Wednesday, March 12, 2014

Joe and the Baby

Environmental law lost a giant last weekend.  Since Joe Sax passed away, the environmental law professors’ listserve has been a steady stream of remembrances, many focused on his enormous contributions to the field.  For me, a different memory stands out above all the others.

It was just a brief moment in water law.  One of my classmates had a baby during the semester, and, perhaps because of trouble finding childcare, she started bringing her infant to class.  The baby was usually quiet, but one particular day was a fussy one.   This made the rest of us uncomfortable.  We were twenty-somethings without children, living the glorious extended youth of the Bay Area, and working through the challenges of childcare was part of a distant future we rarely contemplated.  This intrusion of a baby into our sheltered worlds seemed weird.  And it wasn’t just any class the baby was intruding upon.  We all worshipped—and, at least a little bit, feared—Professor Sax, not because of his personality but because of his stature and obvious intellect, which stood out even at a place like Berkeley.  Poor manners had no place in that room.  So we felt a palpable sense of relief when the student picked up her fussing baby and started toward the door.

Then Professor Sax spoke up.  “There’s no need to leave,” he said, as though only a fool would have thought otherwise.  “Babies fuss.  That’s just what babies do.  I don’t think anyone minds.”  And saying it, of course, made it true.  We realized that this person we thought of as an intellectual demigod was also a father and a grandfather.  Everyone relaxed.  Class went on.  And we all learned something about the possibility of combining greatness with kindness and compassion.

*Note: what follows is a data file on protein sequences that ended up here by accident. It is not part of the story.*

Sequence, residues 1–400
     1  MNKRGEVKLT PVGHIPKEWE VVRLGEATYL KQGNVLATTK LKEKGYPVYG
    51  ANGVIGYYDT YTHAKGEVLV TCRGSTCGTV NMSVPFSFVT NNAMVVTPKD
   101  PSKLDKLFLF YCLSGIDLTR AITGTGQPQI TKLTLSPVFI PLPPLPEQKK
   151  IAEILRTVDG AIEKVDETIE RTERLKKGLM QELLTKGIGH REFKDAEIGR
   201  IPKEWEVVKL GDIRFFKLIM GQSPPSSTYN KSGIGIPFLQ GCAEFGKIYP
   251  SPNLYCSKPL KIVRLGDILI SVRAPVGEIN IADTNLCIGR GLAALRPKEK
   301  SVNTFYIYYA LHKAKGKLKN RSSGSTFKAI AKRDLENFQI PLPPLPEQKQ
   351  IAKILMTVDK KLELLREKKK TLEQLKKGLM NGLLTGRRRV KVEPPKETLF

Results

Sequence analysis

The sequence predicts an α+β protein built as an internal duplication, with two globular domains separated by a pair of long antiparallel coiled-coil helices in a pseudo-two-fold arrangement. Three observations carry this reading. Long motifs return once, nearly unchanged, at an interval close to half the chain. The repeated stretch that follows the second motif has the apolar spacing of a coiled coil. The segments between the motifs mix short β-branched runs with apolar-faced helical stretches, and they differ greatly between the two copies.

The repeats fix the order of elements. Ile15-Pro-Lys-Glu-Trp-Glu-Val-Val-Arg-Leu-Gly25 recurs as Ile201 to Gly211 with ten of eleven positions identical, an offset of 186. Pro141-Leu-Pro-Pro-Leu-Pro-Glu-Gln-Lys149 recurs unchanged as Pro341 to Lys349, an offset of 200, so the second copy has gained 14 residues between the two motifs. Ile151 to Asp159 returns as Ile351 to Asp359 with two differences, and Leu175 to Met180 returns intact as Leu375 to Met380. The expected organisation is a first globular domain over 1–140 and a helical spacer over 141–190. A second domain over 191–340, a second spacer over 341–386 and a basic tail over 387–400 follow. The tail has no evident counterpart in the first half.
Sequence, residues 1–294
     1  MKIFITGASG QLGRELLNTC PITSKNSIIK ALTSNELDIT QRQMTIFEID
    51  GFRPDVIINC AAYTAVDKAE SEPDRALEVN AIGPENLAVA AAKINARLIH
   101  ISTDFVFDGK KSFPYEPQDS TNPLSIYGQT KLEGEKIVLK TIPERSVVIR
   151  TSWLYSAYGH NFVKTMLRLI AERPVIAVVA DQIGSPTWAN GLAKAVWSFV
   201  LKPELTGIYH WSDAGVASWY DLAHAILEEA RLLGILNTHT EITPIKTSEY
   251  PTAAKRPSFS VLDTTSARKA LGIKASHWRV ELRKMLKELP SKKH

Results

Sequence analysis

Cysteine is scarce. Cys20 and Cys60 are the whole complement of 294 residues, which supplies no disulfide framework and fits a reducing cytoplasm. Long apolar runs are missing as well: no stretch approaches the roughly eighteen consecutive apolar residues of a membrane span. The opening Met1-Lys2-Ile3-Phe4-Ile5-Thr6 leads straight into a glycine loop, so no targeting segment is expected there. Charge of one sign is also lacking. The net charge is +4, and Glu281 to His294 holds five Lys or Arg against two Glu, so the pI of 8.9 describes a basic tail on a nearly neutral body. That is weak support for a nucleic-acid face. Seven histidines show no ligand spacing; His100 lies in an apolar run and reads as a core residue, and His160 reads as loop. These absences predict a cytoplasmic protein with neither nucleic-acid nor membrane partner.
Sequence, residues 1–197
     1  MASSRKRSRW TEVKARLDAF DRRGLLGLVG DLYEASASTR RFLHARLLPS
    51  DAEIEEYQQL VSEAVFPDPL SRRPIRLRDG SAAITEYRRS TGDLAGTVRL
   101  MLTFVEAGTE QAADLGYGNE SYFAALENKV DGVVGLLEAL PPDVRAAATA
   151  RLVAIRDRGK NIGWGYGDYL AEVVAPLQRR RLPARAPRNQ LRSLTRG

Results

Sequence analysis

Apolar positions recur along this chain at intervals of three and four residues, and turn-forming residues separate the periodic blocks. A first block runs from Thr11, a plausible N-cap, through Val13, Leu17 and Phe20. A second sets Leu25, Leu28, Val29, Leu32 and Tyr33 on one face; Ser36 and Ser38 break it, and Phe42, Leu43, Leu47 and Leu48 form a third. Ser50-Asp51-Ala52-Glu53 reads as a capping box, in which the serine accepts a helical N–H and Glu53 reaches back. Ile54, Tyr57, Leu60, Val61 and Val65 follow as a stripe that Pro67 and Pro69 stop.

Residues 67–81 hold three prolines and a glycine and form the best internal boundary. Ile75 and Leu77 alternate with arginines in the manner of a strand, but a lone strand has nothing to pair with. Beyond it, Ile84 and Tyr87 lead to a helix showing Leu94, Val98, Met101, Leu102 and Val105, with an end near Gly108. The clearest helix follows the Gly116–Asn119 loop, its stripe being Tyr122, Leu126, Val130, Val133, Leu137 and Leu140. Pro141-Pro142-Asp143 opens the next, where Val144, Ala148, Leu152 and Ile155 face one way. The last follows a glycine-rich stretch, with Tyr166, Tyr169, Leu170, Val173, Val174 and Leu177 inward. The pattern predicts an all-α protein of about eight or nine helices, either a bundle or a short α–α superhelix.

Years later, I still want to be Joe.  He could turn rigorous legal analysis into something profoundly elegant—charismatic, even—in a way I’ve never quite seen emulated, though not through any lack of trying.  But even if I never achieve that grace, I at least can imitate him in other ways.  It doesn’t happen often, but on the rare occasions when students bring their children to class, I smile, think of that day in water law, and try to make sure the parent and child both feel welcome.  And if a baby ever does start fussing in my class, I’ll have my line ready, and I’ll think with fondness of the man I learned it from.  I hope he would be proud, but more likely he’d think nothing of it.  After all, that’s just what professors should do.

What a loss. 

- Dave Owen

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